Food safety bill aimed at FDA raises concerns
Legislation may set precedents that affect the poultry industry.
Major food safety legislation is gaining steam in Congress and – while it doesn’t directly affect poultry or meat inspection – the legislation could wind up setting precedents that will pose challenges down the road.
The Food Safety Enhancement Act of 2009, which recently passed a key House committee, focuses mostly on products regulated by the Food and Drug Administration (FDA) and gives broad new inspection and enforcement powers from production on the farm through to the final retail establishment.
Language exempts poultry
NTF and a broad cross-section of agricultural interest groups wrote to House Energy and Commerce Chairman Henry Waxman, D-Calif., and other committee members on June 15 outlining strong concerns about the bill. Because of the letter and other lobbying efforts, Waxman did agree to insert language in the bill making clear that its provisions did not apply to poultry or meat production. Creation of this “firewall” is important, as it’s not the end of the food safety debate. NTF and others still have deep concerns about precedents the bill establishes at FDA that some may try in the future to apply to USDA.
A major area of concern is mandatory recall. The proposed bill would allow FDA to order companies to “cease distribution” immediately if the agency had “reason to believe” that the product(s) “may” cause adverse health consequences or death to humans or animals.
NTF has long stated that mandatory recall authority is not necessary and does not improve food safety. There has never been an instance under the current system where USDA has not been able to implement a recall it feels is necessary. USDA already possesses sufficient authority to remove adulterated or misbranded products from distribution. Given all this, it seems a terrible waste of legislative time and energy to create a new bureaucratic structure that ultimately may slow the recall process.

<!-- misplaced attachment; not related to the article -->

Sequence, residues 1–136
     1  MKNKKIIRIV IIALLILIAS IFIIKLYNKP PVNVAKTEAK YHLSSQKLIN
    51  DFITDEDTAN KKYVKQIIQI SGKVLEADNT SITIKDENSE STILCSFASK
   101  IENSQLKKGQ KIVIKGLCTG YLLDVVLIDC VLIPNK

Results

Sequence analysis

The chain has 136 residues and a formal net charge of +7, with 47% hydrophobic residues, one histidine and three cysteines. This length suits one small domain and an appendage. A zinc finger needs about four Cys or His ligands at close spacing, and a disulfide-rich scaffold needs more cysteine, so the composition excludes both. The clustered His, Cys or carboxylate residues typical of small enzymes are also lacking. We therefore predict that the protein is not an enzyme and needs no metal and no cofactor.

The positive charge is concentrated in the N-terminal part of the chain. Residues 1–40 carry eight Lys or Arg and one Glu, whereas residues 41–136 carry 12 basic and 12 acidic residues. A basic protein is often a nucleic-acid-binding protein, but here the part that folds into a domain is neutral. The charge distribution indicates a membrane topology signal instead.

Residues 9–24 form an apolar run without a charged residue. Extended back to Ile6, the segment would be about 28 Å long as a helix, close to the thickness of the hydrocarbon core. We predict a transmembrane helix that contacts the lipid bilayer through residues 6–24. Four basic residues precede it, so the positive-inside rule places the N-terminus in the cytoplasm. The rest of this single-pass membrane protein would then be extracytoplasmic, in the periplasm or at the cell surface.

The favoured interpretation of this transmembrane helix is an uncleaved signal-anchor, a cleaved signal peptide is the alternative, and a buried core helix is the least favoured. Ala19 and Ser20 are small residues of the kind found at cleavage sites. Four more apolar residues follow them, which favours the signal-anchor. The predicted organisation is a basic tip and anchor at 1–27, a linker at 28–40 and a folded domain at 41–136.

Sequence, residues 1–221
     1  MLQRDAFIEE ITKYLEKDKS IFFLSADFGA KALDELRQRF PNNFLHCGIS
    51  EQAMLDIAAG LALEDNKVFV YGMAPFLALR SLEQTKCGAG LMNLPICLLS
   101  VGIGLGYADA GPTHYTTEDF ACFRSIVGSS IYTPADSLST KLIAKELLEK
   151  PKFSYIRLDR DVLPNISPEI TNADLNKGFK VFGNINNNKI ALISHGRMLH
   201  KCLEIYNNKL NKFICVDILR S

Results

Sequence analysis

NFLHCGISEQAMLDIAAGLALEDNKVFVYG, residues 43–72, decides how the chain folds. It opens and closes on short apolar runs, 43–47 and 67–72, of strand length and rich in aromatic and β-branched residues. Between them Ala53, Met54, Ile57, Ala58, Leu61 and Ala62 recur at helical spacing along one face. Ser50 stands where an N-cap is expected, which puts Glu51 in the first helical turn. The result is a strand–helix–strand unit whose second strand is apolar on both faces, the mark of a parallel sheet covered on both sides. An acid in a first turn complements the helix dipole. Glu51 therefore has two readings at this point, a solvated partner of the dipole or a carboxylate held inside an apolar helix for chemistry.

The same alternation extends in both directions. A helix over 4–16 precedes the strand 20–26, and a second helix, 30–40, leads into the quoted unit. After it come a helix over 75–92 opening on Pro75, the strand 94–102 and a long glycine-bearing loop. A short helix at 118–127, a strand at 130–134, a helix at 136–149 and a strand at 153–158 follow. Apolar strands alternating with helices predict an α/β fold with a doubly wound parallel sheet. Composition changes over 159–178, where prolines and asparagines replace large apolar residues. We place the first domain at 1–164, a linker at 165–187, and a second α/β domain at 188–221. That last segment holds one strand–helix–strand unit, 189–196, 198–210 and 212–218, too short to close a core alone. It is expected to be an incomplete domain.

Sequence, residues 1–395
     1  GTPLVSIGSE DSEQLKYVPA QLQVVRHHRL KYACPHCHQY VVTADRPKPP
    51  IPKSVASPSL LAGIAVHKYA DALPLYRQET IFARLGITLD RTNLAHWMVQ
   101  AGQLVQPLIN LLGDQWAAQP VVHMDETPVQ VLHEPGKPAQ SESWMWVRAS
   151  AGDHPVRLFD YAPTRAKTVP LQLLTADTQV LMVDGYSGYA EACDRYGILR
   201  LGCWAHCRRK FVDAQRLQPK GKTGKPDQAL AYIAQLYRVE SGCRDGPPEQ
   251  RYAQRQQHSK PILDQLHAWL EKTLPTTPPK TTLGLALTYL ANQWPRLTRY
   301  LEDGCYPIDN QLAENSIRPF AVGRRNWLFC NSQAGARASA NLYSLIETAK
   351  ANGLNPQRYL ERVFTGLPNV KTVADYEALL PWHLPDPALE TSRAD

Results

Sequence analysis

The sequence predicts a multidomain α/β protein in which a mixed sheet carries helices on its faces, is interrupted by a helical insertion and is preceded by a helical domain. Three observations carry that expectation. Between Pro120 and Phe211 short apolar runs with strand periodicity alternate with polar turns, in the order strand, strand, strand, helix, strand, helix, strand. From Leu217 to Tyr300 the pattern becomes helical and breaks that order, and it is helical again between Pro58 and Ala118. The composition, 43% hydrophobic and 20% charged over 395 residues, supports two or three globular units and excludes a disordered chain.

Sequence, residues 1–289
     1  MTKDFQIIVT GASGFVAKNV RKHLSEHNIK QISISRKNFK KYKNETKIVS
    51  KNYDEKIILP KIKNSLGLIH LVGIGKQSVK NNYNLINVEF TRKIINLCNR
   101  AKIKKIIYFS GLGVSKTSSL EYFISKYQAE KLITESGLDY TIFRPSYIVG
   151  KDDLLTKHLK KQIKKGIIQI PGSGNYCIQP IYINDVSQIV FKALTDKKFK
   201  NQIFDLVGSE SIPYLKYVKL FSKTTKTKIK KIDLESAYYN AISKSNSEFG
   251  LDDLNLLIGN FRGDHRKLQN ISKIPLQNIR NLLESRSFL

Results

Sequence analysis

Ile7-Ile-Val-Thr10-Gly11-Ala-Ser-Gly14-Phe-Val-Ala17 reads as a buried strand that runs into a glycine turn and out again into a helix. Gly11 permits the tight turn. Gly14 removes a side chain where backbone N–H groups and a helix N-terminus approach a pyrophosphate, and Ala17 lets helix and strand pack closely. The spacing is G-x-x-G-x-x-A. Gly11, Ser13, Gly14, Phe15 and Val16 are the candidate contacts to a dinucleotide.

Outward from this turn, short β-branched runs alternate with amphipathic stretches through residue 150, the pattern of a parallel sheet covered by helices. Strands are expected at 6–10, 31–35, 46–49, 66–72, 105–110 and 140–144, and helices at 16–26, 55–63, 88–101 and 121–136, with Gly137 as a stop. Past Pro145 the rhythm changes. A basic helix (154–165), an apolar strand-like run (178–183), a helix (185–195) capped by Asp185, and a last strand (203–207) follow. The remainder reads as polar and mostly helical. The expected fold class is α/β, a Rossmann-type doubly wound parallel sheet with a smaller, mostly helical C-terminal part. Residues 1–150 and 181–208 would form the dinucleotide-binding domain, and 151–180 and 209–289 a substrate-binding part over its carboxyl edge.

The civil penalties provision is also of concern. NTF believes that civil penalties do not enhance consumer confidence in the food supply. Again, USDA has ample authority in place that can lead to criminal prosecution and withdrawal of inspection, which are harsh deterrents to violating the law.
HACCP works now
Finally, giving FDA the ability to dictate specific elements of a food safety plan is alarming. Under the USDA inspection system each company develops HACCP plans to meet their individual plant needs; critical control points and corrective actions are based on the uniqueness of the facility. The success of the USDA HACCP model has been demonstrated amply.
Establishments must be given flexibility to tailor such programs in order for them to achieve maximum results. Dictating specific components of a food safety plan would mark a return to the very command-and-control mentality that HACCP was designed to replace.
This provision would have delegated the authority to issue such directives to FDA’s District Office Director level. The meat and poultry industry wants to continue the notice-and-comment rulemaking, which would have been eliminated under this provision because FDA would be granted the ability to regulate through guidance documents. The notice-and-comment rulemaking allows scientific risk assessment to be factored into the final decision, along with a public comment period before adopting a rule. This process is effective in reaching a final decision that is not left up to interpretation and ensures that all interested parties will be able to offer their views on issues that may vitally affect their businesses.
Reactive or proactive regulations?
While most observers would agree FDA needs new resources to inspect the foods under its jurisdiction, far too much of the bill creates new punitive powers. The opportunity to pass meaningful food safety legislation comes very rarely. The question Congress needs to ask is this: does it want to spend this opportunity passing new regulations designed to punish food safety violations after they occur, or would public health be better served by creating programs and systems designed to keep a food safety problem from occurring in the first place?